First, Mexicans from just over the border brought tamales to the fertile Mississippi Delta. African-Americans soon realized the Mexicans had a good thing going in these little, corn-husk-wrapped magical meat pies. And, sure enough, area whites realized the masa miracles weren’t just for people of color anymore. And that’s why Mississippi loves tamales. Yes, we know proper Spanish means it is one tamal, two tamales. But we’re not proper Spanish speakers, or proper anything, actually.
Her mom’s and abuela’s recipes are the secret sauce at Liz Sanchez’ Casa de Ta males in Fresno. She uses fresh corn for the tortillas and tamales and serves micheladas tambien! What could be bad? [Fresno booster Jason Farris made the video.] It’s interesting that Sanchez switches back and forth between saying “tamal” and “tamale.” Que pocha!
É Arenas, bass player for Chicano Batman, cooks up some cumbia for Christmas in this new song
Buñuelos a Monton, and he includes all your favorite fiesta Mexmas specialties:
I still remember the hogs head
simmering in a pot as my uncle
Louie and his buddies sat listening
respectfully as my grandfather
spoke about times gone by.
Turkey, ham, tamales, eggnog y todo, this is the time of the year where you put a lot of stuff “on hold” till next year, while we get together with familia and friends. It’s a beautiful time of the year, where putting something on the back burner for awhile isn’t such a bad idea.
Some things, however, can’t be procrastinated upon, lest other problems be incurred. Keeping oneself in clean clothes is one of them.
(PNS reporting from HUNTINGTON BEACH) Area sales manager Rick Miller is happy to share his new-found Spanish vocabulary with co-workers, buds from the office disclosed Tuesday.
Miller (photo), who explained that he went to a barbecue Sunday over at his new Mexican-American neighbors’ house, informed early arrivals at yesterday’s quarterly sales meeting that a limon is actually what we call a lime in English, and lemons are limas in Spanish.
We bet this looks familiar! Yamelith made tamales with her mom over the Thanksgiving weekend and shared her experience in this student video, uploaded by the Charles W. Harris School in Phoenix, AZ.
See the guy with the tamales in the hot box on wheels? He’s well-known in San Pedro, home of the Port of Los Angeles, on the south side of the City of Angels. This vato — The Tamale Guy — even has his own reviews (good ones!) on Yelp:
Legalizing street vendors like the Tamale Guy is one of the key elements of the Manifesto of The Taco Truck Party, announced on POCHO last week by our Associate Naranjero Gustavo ¡Ask a Mexican! Arellano.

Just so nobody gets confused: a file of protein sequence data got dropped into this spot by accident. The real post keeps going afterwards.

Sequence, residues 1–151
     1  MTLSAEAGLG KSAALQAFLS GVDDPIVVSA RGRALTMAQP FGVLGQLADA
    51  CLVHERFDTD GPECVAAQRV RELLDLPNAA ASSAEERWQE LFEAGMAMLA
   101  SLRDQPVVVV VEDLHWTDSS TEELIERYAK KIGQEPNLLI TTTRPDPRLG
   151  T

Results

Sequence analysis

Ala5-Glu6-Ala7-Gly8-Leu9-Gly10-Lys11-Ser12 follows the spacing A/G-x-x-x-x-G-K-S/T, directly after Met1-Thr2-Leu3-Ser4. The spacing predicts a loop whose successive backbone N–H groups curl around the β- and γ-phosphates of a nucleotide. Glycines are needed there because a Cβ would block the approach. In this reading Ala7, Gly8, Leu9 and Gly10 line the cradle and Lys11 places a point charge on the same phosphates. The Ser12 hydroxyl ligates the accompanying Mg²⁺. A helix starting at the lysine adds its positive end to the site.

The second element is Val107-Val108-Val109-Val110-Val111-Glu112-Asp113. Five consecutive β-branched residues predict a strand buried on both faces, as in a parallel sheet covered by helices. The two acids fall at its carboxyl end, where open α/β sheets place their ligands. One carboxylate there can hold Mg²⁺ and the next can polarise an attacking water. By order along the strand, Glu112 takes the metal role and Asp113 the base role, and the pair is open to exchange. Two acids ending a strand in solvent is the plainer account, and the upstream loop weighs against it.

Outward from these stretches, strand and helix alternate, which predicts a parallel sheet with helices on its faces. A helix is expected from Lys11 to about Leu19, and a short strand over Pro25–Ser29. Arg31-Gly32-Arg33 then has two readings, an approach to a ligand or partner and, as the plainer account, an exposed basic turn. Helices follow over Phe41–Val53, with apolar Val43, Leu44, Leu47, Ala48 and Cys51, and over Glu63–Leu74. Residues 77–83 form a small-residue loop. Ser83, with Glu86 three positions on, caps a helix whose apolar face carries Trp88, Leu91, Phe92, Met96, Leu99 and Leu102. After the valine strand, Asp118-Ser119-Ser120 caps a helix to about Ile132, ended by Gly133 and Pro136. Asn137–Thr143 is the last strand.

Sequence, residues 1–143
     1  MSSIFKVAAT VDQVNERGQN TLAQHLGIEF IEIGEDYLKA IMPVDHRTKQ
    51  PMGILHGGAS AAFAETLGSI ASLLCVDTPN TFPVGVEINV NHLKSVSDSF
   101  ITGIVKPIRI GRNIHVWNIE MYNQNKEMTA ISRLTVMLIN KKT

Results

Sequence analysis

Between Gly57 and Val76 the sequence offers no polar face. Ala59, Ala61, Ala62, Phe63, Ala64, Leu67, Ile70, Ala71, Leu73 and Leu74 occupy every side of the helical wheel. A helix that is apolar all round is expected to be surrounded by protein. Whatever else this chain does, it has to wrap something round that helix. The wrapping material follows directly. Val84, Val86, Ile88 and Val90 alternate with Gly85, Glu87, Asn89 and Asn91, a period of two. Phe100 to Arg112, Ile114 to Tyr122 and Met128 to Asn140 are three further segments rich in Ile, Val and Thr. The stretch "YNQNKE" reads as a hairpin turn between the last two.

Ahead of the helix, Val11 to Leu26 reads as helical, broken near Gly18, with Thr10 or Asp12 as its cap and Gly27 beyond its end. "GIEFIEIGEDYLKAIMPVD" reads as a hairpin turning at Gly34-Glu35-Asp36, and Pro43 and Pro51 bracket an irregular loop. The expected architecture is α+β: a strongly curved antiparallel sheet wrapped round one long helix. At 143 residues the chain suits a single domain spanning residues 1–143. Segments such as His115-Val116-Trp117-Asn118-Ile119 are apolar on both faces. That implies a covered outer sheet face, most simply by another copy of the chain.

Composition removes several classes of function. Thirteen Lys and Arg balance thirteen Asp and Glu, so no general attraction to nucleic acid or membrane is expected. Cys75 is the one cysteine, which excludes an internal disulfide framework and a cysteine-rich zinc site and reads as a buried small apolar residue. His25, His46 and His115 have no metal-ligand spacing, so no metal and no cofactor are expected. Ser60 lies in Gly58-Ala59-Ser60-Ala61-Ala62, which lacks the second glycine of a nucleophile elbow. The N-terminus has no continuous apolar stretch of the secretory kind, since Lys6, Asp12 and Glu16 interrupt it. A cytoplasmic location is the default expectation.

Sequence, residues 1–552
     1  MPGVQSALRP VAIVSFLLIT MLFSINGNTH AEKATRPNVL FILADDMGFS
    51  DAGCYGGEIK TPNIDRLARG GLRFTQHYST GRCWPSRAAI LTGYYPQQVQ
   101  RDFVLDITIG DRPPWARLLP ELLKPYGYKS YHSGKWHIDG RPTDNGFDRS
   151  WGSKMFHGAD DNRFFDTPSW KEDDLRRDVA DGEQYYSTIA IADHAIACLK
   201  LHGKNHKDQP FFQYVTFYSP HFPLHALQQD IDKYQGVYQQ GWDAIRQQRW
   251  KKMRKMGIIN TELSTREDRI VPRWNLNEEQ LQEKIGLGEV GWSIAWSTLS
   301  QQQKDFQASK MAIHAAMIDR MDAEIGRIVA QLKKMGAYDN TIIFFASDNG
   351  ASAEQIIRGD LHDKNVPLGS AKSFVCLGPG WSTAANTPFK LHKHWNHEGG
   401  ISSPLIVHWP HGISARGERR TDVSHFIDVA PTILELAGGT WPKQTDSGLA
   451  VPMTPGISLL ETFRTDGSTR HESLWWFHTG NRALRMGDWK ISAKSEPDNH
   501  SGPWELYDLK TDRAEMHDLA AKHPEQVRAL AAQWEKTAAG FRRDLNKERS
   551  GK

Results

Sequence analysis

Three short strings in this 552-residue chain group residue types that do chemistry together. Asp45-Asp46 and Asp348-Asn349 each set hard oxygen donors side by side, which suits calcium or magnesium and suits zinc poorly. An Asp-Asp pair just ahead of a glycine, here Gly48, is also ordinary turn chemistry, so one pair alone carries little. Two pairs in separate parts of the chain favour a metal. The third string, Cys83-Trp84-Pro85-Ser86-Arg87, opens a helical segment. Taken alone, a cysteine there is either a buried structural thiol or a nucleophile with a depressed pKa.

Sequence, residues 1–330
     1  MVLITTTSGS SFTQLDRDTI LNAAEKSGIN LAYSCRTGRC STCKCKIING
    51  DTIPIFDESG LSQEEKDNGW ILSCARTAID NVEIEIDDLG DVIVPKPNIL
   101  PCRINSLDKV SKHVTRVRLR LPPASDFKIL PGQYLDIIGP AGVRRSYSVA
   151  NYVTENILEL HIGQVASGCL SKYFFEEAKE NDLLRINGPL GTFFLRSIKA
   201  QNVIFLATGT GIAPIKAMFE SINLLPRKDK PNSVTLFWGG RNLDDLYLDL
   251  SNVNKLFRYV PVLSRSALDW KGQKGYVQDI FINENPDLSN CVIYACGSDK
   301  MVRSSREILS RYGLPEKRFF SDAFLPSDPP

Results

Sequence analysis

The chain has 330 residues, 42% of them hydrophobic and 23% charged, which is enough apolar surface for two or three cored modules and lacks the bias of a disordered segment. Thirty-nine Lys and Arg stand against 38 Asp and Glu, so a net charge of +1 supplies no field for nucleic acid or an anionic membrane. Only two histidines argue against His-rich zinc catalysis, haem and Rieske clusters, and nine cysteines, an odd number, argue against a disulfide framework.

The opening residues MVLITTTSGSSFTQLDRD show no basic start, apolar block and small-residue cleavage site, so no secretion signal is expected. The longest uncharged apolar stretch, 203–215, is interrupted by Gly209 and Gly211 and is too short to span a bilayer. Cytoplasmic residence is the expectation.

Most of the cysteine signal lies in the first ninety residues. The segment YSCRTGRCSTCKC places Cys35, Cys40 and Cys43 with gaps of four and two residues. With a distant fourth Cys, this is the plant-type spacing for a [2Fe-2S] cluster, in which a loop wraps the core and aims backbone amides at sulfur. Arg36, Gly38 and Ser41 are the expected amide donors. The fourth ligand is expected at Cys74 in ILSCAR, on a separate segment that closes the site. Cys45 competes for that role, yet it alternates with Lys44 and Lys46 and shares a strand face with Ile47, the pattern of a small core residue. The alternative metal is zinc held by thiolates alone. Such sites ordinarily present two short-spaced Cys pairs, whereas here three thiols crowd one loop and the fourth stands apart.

Via our friends at LatinoLA.com, here’s an academic analysis of the issues involved:
Why the City of Los Angeles Should Legalize Street Vending
Street entrepreneurs should not be criminalized
By Vanessa Alcantar and Robert D. Flores Jr.
“¡Tamales! ¡Tamales! ¡Tamales!”
Growing up in the East L.A. and Pico Union neighborhoods of Los Angeles, this shouting is something everybody in the neighborhood is accustomed to because it provides a sense of home. To everyone in our households, this is the cue to scour through the house for cash and hurry outside to catch the tamale lady in time before she takes off.
How would you like those little “Mexican power bars” delivered to your door all frozen and stuff? Got $110? There are three colors to choose from, all for just under $20 a pound!
Corn — Maiz — is central in the Mexican food culture and was first cultivated over 100 centuries ago. Here is a short tribute to maiz, the golden gift of Mother Nature. [Video by Marysol.]
How do the three Texas locations (McAllen, Mission, Pharr) of De Alba Bakery de La Familia make tamales, donuts and rosca de reyes?
Glad you asked! We’ve got (three) videos:
Tamales (two kinds:)
Gastronomy students at the Tabasco campus of the Autonomous University of Guadalajara broke a Guinness world record Saturday with the world’s longest tamal — a tamal wrapped in Yucatan-style banana leaves instead of the corn husks used in other parts of Mexico.
And remember, kids, there is NO SUCH THING AS A “TAMALE:”